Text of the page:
Last week, Scott Charney, corporate vice president for Microsoft Trustworthy Computing, gave a keynote address at the RSA Conference in San Francisco about progress Microsoft has made on the company’s End to End Trust vision for a safer, more trusted internet. As part of his remarks, he explained how our vision applies to security and privacy to cloud computing and the need to establish develop clear rules about how the international community handles cross-border data flows.
The global nature of the data flows inherent in cloud computing raise a number of policy questions concerning how people, organizations and governments handle information and interactions in this environment. Today, there are conflicting legal obligations and claims of jurisdiction over user content imposed by different governments around the world, which can lead to ambiguity and significant legal challenges.
Factors such as these threaten to diminish one of the core value propositions of cloud computing – the substantial economies of scale that can be achieved through a free-flowing “borderless” data center architecture. As the patchwork of worldwide laws has become increasingly difficult to navigate, it becomes increasing important that governments and industry come together to create a workable framework.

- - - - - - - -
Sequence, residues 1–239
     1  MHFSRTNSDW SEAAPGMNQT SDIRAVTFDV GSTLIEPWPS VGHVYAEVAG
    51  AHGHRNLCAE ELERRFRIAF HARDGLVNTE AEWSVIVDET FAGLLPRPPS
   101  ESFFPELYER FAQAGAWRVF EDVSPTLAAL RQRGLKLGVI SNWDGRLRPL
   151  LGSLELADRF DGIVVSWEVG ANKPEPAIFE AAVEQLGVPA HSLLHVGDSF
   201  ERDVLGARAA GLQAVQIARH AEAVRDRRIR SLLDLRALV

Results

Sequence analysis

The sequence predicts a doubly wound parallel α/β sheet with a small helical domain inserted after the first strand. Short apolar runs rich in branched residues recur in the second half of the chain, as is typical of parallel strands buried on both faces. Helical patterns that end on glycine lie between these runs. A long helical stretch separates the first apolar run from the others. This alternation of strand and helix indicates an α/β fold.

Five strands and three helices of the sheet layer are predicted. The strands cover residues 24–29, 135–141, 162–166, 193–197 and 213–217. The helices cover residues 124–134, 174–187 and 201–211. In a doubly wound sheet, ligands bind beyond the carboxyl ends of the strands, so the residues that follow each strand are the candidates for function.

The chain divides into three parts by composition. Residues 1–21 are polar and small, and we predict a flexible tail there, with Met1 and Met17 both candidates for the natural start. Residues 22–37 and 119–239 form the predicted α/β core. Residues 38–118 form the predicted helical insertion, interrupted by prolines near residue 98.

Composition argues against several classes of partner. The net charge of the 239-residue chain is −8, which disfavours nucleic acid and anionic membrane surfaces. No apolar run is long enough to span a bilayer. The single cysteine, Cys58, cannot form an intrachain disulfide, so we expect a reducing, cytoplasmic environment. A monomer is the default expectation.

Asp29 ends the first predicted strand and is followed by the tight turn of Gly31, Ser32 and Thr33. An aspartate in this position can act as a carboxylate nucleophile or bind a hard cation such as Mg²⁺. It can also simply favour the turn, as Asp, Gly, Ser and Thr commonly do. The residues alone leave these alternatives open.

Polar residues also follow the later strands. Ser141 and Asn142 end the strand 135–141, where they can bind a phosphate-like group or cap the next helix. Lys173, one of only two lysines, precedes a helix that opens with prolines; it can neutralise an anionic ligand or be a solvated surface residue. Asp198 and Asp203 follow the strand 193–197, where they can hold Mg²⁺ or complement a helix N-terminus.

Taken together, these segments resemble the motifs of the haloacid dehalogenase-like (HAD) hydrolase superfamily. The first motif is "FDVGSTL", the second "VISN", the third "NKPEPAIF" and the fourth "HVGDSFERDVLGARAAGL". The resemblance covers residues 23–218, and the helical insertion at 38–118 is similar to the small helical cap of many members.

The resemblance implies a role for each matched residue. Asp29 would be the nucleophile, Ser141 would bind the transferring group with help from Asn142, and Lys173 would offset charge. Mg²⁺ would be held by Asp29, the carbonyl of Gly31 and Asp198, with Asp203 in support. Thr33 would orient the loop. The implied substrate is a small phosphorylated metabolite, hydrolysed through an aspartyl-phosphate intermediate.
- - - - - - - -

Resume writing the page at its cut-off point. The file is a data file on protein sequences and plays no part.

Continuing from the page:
For our part, Microsoft has continued to work with industry and governments around the world to establish workable global privacy framework that is consistent, flexible, transparent and principles-based. Most recently, Brad Smith, general counsel and senior vice president, Legal and Corporate Affairs, outlined Microsoft’s suggestions to the United States government about how to deal with cross-border and other privacy issues related to the cloud.
We are working with data protection authorities from around the world to develop workable regulatory frameworks that take into account the changing nature of data flows. As part of our continued efforts, Microsoft joined with other companies in supporting an initiative launched at the International Data Privacy Commissioners Conference last May aimed at tackling this issue. We also participate in regional efforts such as the APEC privacy initiative, which is working on a regional privacy framework that addresses challenges of cross-border data flow with an ethic of mutual recognition, where more developed economies work inclusively with developing ones.
While these are good and important steps, it’s essential that we continue to build on these efforts to ensure we can all take advantage of all of the benefits cloud computing provides. I look forward to continuing to work on this important issue.
Peter Cullen, Microsoft Chief Privacy Strategist